Republican U.S. Sen. Ted Cruz is much better known among Texas voters than his best-known political rival, Democratic U.S. Rep. Beto O'Rourke of El Paso, according to the latest University of Texas/Texas Tribune Poll.
The incumbent faces some headwinds: 38 percent of voters said they have favorable opinions of Cruz, while 45 percent have unfavorable opinions of him. In O’Rourke’s case, 16 percent have favorable views and 13 percent have unfavorable views.
“Ted Cruz’s greatest asset — his strong support among the Republican base — remains pretty intact,” said Jim Henson, co-director of the poll and head of the Texas Politics Project at the University of Texas at Austin.
But it’s in the no-views-at-all numbers that Cruz has an advantage: only 17 percent said they have either neutral or no opinion of the incumbent, while 69 percent registered neither positive nor negative opinions of the challenger. More than half had no opinion of O’Rourke at all — an opportunity and a danger for a new statewide candidate who is racing to describe himself to voters before Cruz does it for him.
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"Beto O'Rourke does not appear to have done much to improve his standing or, perhaps more importantly, to soften up Ted Cruz," said Daron Shaw, a professor at UT-Austin and co-director of the poll. "This is the problem Democrats face in Texas — you have to grab the attention of voters and drive the issue agenda, but doing so requires a demonstration of strength that is almost impossible. Absent some substantial change in the issue environment, O'Rourke is on the same path as Paul Sadler and Rick Noriega," two Democrats and former legislators who fell well short of defeating Republicans in statewide races.
Texas voters give better job performance grades to state officials and institutions than to their federal twins. Like Cruz, President Donald Trump and the state’s other U.S. senator, Republican John Cornyn, have more negative marks than positive ones in the latest poll. The voters have special scorn for Congress, with 12 percent saying they approve of the job Congress is doing, while 69 percent disapprove.
Compare that with the Texas Legislature, which got positive ratings from 28 percent of voters and negative grades from 37 percent. That’s still underwater, but the Texans have some room to work with.
Gov. Greg Abbott and Lt. Gov. Dan Patrick each got more positive than negative marks. House Speaker Joe Straus was, like the Texas Legislature, more likely to get negative marks. He’s also less well known than his statewide colleagues; 29 percent of voters said they have neutral opinions of Straus, a San Antonio Republican, and 20 percent have no opinion of him at all.
"In terms of more general assessments of public officials and institutions, there isn't much going on. The numbers from June to October are remarkably stable," Shaw said. "The one slight exception is that more "moderate" Republicans — such as Joe Straus and John Cornyn — appear to be underachieving compared to the conservative stalwarts. It seems likely that they are having some problems with the GOP base."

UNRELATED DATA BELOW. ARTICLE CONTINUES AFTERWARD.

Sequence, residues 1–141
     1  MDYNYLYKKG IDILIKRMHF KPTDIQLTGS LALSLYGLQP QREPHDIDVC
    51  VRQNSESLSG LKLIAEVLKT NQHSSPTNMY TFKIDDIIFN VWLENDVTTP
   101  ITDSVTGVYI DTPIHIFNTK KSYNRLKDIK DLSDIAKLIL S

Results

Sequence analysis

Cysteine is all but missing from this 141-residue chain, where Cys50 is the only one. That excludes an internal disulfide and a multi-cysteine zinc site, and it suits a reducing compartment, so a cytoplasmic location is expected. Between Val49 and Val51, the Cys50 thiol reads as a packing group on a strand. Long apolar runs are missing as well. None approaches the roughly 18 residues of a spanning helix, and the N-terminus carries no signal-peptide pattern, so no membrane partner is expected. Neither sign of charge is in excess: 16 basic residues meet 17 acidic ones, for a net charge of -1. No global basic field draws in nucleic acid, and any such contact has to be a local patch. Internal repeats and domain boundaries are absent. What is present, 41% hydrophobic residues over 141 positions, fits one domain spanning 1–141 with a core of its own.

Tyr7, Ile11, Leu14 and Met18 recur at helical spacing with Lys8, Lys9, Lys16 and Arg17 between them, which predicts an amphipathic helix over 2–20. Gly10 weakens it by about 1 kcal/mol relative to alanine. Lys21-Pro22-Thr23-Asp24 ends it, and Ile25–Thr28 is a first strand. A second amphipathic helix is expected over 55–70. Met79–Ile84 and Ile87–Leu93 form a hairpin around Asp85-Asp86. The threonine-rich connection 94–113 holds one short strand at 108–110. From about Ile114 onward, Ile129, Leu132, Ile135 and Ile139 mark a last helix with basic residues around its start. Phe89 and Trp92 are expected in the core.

One subgroup — Tea Party Republicans — lowered their opinions of the state players between the previous UT/TT Poll, in June, and the new one. That group’s approval of the Legislature dropped 23 percentage points. Their grades for Straus dropped 20 percentage points, for Patrick by 7 percentage points, and for Abbott by 3 percentage points. Overall numbers for those three officeholders changed only slightly but shifted among those conservative voters.
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“Straus dropped significantly among Tea Party and conservative [voters],” Henson said.
“Nobody really gained from the special legislative session, but Abbott might have gained something from his leadership during and after Hurricane Harvey,” he said.
Congress persists as the least popular branch of the federal government, with only 5 percent of Texas voters saying they trust it the most. The judiciary topped that list, with 36 percent calling it the most-trusted branch, followed by the executive branch with 27 percent. A third of the voters chose not to pick any of the three branches.
Voters also have a dim view of the news media, though they think it’s important to democracy. Three-fifths said the news media mostly serves people in powerful positions, while 23 percent said it serves “people like you.” Asked about the media’s role, however, 72 percent said it’s important to democracy in the United States; 20 percent said it’s not.
The partisan splits are stark, with 80 percent of Republicans saying the news media is more likely to serve the powerful, while only 34 percent of Democrats said that. “When Donald Trump says the media serves the elite, he finds a ready audience for that among Texas Republicans,” Henson said.
The University of Texas/Texas Tribune internet survey of 1,200 registered voters was conducted from October 6 to October 15 and has an overall margin of error of +/- 2.83 percentage points. Numbers in charts might not add up to 100 percent because of rounding.
This is one of several stories on the latest University of Texas/Texas Tribune Poll. Also today: Texans grade President Trump, his qualities and his response to top issues. Coming Friday: Texans’ views on responses to Hurricane Harvey and on what should top the post-storm to-do list.
Disclosure: The University of Texas at Austin has been a financial supporter of The Texas Tribune. A complete list of Tribune donors and sponsors can be viewed here.
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